Flavor

Both Gruyere and Swiss cheeses have a nutty, mild, and slightly sweet flavor that becomes better and more intense as it continues to age more. In general, Gruyere cheese has a stronger flavor compared to Swiss. However, the flavor difference between these two is determined by the exact age. Typically, American Swiss cheese has a less intense flavor than Emmental. When it comes to the aroma, it becomes mild for both Gruyere and Swiss cheese as they age more.

American Swiss Vs. Gruyere Nutrition

American swiss and Gruyere cheese have almost the same nutritional profiles. Gruyere cheese has about 117 calories per ounce, while American swiss has around 112 calories per ounce. Both of them have an average of 9 grams of fat per ounce. Gruyere cheese is higher in protein content compared to American Swiss. Gruyere contains 8.5 grams of protein per ounce, while American Swiss has about 7.7.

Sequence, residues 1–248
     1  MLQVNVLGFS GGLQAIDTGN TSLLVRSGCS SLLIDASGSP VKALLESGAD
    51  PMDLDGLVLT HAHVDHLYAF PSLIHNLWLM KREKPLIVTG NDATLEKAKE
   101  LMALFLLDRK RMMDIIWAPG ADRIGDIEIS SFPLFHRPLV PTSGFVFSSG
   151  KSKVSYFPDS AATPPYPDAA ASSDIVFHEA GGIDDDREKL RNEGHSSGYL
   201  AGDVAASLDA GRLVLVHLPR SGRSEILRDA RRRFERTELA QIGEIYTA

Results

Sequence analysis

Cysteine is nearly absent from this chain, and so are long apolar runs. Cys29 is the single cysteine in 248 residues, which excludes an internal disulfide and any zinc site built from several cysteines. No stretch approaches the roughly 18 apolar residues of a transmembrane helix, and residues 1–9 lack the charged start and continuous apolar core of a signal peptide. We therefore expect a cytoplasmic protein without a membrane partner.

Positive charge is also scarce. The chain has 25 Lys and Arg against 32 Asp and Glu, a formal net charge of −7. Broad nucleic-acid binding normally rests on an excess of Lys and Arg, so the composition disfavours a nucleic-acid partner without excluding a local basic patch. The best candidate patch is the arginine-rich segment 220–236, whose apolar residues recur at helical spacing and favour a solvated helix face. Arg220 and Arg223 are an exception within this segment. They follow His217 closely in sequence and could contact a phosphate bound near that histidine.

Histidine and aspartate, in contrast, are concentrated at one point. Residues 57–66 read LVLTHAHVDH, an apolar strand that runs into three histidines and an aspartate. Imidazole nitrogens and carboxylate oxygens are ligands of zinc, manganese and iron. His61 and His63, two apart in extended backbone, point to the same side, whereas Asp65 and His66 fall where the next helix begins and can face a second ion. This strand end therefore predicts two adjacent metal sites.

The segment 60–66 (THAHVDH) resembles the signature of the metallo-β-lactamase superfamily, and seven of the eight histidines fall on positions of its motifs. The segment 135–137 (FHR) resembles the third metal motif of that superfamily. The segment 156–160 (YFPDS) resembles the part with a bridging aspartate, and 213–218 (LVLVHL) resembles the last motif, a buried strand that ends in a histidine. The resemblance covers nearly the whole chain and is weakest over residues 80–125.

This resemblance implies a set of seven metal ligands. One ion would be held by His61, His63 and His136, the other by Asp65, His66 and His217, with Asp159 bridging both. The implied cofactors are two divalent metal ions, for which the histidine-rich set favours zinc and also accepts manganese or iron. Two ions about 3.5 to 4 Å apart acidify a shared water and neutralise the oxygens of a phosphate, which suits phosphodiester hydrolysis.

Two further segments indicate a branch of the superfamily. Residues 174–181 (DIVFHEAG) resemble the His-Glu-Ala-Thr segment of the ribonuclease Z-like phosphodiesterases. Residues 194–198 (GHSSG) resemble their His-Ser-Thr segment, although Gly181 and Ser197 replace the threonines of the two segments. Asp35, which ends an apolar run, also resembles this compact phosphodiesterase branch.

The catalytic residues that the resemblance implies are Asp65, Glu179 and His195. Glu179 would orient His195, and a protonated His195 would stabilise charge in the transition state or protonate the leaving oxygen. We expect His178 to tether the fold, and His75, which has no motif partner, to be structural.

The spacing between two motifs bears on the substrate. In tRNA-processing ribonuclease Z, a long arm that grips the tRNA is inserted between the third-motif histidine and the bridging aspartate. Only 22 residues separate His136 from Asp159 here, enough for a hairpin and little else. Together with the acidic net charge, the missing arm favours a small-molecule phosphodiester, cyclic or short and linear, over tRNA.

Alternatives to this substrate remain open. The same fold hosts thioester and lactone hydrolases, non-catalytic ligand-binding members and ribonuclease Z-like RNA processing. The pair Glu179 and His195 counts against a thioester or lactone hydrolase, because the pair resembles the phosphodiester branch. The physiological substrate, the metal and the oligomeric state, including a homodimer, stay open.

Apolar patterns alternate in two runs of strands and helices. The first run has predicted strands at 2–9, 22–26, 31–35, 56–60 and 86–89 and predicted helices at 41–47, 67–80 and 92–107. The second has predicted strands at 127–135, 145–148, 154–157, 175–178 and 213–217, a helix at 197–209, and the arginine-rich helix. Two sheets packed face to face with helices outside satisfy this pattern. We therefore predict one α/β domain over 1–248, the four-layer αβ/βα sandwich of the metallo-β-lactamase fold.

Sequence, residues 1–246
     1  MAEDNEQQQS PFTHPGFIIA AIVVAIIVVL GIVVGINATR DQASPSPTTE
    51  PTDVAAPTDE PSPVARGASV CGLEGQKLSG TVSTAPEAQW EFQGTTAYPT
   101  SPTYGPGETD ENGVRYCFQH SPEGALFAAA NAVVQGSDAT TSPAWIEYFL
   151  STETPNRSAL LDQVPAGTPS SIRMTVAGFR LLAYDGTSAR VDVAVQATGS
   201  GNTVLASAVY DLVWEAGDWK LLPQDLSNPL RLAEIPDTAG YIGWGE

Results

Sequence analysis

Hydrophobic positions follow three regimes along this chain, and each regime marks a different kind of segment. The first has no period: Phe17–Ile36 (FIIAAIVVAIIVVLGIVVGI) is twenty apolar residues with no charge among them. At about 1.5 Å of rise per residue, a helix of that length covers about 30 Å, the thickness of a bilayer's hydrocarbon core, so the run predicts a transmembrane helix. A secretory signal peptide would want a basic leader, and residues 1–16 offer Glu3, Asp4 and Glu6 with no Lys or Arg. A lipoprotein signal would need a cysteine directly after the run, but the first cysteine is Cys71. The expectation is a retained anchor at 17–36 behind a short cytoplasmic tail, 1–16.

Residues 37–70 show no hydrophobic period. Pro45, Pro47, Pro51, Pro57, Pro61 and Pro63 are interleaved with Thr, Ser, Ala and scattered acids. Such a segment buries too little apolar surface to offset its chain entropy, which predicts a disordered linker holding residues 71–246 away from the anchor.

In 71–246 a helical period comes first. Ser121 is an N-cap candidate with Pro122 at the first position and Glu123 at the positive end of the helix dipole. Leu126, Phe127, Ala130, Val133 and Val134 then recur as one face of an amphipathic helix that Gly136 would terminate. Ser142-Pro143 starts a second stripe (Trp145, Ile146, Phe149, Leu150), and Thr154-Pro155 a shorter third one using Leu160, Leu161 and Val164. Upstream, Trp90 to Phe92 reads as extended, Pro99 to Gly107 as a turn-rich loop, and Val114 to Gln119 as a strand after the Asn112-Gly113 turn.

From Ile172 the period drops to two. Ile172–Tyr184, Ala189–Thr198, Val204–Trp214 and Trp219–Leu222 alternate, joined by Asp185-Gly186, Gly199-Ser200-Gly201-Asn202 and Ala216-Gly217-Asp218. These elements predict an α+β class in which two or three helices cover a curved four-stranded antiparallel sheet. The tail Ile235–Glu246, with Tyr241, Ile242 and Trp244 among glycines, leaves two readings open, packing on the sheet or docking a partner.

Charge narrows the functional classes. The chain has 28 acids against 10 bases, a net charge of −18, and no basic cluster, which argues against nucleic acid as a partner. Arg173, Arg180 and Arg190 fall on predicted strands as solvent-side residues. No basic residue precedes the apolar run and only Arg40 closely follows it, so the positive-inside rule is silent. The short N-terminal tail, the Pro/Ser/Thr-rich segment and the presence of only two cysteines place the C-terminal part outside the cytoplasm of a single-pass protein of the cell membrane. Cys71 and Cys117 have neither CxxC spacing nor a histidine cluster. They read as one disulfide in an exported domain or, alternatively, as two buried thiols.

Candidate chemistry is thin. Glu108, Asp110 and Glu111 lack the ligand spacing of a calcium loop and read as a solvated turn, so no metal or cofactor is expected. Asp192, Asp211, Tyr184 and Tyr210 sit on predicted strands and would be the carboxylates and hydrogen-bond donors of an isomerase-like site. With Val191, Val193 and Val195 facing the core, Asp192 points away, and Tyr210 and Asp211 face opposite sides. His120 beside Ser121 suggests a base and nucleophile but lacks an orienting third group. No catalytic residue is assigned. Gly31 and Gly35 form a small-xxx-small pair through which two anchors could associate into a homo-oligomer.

Also, Gruyere cheese contains more Potassium and Calcium compared to American Swiss. The only major and significant nutritional difference between these two is their Sodium level. Gruyere has around 202.8 milligrams of Sodium for each once, which is higher than Swiss’s. American Swiss contains 53.1 grams Sodium per once.

Delicious Uses of Gruyere and American Swiss Cheese

Due to their similar characteristics, it is not a surprise that both American Swiss and Gruyere cheese have interchangeable applications are several aspects. So, you can enjoy both kinds of cheese, either cubed or sliced with some crackers or crusty bread. You can also eat these cheeses with salads and even sandwiches, thus making it vital to have one or both of them in the kitchen. Doing that can allow you to enjoy a different experience every time since you can be interchanging them every day.

Swiss cheese is usually a very classy ingredient in Cubano and Reuben sandwiches. Gruyere features in souffles, Croque monsieur, and even on top of traditional French onion soup. You can try both Gruyere and American Swiss cheese in cheeseburgers, dips, gratins, omelets, and even in pasta dishes. Also, you can eat these cheeses with any baked goods like pinwheels, cheese straws, and scones.